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Italian Language/stato as past participle of both essere and stare


Hi Lauren,

Since "stato" is the past participle of both essere and stare, the following construction seems grammatically conceivable:

Io e mia moglie siamo stati a Shanghai, Cina, tre anni fa. Mentre lý, siamo stati in un hotel in Xin Za Road.

Would an Italian ever use "stato" in juxtaposition like this? Would it be incorrect, confusing, or simply inelegant? If so, is "abbiamo alloggiato" the appropriate alternative for conveying "we stayed"?

Lastly, in terms of translation practices, should the word road in "Xin Za Road" be translated? If so, how? Of course, I would also appreciate hearing about any other problems you see with the sentences in question.

Grazie Mille

Hi Jerrod,

Thanks very much for your question.

The answer is that yes, I believe that an Italian would use 'stato' in juxtaposition like this. However, I would say that it definitely would depend on the type of situation that they are in. For example, in an informal situation among family or friends, they would not be particularly analysing your speech and you would just be trying to explain or tell a story to them. Therefore, the repeated use of 'stato' is quite common as a colloquial marker.

However, if we were to transfer this level of speech to a formal situation then perhaps it could be deemed as slightly inelegant. In this situation, it is far more likely that you will be judged on use of language and have to think carefully about what to say and thus, as you point it, "alloggiato" seems like a much better option.

I am sure that there are many times in English when repetition of common verbs are used but in a formal situation, we would think more carefully about our choice of words.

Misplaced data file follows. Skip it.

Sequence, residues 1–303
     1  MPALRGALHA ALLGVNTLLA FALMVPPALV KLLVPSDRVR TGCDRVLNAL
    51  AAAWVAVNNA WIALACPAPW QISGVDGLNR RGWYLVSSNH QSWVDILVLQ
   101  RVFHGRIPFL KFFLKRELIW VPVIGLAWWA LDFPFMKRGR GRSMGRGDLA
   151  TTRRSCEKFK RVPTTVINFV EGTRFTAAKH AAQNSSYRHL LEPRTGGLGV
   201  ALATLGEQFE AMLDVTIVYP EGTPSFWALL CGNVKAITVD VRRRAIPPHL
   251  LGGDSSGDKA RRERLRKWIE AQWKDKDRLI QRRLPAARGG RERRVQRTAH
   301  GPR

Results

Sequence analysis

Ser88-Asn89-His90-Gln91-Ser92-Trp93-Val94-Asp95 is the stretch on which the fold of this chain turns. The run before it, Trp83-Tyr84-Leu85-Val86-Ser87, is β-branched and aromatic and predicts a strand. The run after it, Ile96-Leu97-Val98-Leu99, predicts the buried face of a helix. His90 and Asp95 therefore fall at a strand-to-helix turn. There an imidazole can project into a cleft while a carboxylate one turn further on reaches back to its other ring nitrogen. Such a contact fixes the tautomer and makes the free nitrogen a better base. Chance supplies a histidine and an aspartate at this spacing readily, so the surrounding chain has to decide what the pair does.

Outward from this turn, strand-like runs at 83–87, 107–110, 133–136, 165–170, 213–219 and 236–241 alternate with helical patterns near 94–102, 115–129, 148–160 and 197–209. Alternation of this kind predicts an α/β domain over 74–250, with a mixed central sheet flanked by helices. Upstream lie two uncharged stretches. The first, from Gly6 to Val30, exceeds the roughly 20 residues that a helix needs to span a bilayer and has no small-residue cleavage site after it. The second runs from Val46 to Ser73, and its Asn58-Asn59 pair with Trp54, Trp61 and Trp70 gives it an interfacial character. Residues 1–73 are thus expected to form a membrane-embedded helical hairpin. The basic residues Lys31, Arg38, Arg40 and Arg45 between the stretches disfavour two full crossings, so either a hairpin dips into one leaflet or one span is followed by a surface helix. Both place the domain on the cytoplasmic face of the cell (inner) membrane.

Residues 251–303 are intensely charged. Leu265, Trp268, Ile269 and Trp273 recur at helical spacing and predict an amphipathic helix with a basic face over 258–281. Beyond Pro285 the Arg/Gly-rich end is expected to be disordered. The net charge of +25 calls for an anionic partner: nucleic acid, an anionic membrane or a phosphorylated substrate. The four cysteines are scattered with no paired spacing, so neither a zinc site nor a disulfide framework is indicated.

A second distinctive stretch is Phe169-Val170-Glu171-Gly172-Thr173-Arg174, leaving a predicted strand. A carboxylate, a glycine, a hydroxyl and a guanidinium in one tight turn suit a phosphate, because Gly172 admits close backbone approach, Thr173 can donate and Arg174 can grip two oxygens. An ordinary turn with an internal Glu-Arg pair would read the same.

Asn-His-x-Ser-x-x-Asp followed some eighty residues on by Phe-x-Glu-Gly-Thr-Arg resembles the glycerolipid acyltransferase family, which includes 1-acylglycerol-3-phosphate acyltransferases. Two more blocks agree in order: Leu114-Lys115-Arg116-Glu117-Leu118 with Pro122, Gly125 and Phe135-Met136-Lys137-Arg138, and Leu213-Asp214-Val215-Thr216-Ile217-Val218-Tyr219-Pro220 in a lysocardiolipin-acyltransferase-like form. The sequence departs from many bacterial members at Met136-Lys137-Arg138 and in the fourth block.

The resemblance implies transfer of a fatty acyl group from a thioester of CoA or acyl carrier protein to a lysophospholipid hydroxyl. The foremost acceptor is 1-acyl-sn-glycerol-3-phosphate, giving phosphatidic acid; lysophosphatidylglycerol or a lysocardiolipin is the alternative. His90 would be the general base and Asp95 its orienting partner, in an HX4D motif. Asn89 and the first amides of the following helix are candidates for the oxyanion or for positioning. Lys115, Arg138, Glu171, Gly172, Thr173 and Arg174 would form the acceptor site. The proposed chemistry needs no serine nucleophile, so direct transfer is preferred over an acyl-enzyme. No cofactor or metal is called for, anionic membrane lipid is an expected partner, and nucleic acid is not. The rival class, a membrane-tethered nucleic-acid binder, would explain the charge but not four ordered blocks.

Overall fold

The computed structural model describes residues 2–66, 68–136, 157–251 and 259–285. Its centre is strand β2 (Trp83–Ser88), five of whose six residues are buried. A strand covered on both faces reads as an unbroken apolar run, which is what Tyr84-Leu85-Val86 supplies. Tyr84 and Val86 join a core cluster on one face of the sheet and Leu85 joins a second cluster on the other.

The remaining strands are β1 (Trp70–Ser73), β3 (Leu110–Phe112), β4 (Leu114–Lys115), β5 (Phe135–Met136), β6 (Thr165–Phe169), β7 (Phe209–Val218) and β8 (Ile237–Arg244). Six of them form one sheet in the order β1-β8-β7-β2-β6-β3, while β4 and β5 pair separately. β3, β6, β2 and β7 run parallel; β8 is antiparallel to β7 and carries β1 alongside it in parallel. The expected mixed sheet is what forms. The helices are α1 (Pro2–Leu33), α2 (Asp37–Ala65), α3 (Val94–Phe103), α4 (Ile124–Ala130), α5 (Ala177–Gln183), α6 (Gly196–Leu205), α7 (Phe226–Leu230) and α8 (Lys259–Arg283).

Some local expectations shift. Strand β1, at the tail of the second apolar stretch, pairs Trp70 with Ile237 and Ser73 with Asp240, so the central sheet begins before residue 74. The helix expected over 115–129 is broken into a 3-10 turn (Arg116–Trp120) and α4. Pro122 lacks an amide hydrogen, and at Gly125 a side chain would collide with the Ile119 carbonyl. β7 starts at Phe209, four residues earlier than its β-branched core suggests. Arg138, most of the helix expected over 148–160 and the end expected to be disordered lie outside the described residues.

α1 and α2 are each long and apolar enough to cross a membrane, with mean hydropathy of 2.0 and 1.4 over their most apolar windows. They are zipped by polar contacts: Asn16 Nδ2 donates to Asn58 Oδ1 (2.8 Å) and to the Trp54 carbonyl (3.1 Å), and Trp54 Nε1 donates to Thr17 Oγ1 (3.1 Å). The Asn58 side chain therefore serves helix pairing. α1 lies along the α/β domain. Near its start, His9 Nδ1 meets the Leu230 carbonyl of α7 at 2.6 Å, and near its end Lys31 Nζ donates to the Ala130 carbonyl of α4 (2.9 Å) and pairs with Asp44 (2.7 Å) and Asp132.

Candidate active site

In reference to the translation of Xin Za Road, usually the choice on whether to translate it or not is personal. If you were speaking to other people that also had a knowledge of English and would understand the meaning of 'road' then it would be perfectly acceptable to use. In fact, a word like 'road' is so common that many Italians that don't have a great knowledge of English will still be aware of its meaning. It is always difficult to translate words such as road, avenue, street etc into Italian as their real meaning gets lost in translation due to Italian tending to use one word to sum up the lot.

Hope this helps,
Kind regards,

Italian Language

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Lauren O' Hagan


Although not my mother tongue, I have spoken Italian fluently for more than 12 years so I am very confident to answer any questions about the Italian language. I am also competent in Roman Dialect if there are any questions relating to this.


MA Applied Linguistics First Class Honours in Modern Language Studies (Linguistics, Italian, Spanish) Received the top grade in the whole of UK for GCSE Italian, receiving a letter of congratulations from the Italian Consulate Completed my two-year A Level in 1 year with a grade A country. Carried out many translation jobs for a wide range of clients and topics including self-help, literature and exam papers. For personal reference, I have also translated Federico Moccia's Tre Metri Sopra Il Cielo and 2 of Francesco Totti's book.

El Pensador, University of Bristol

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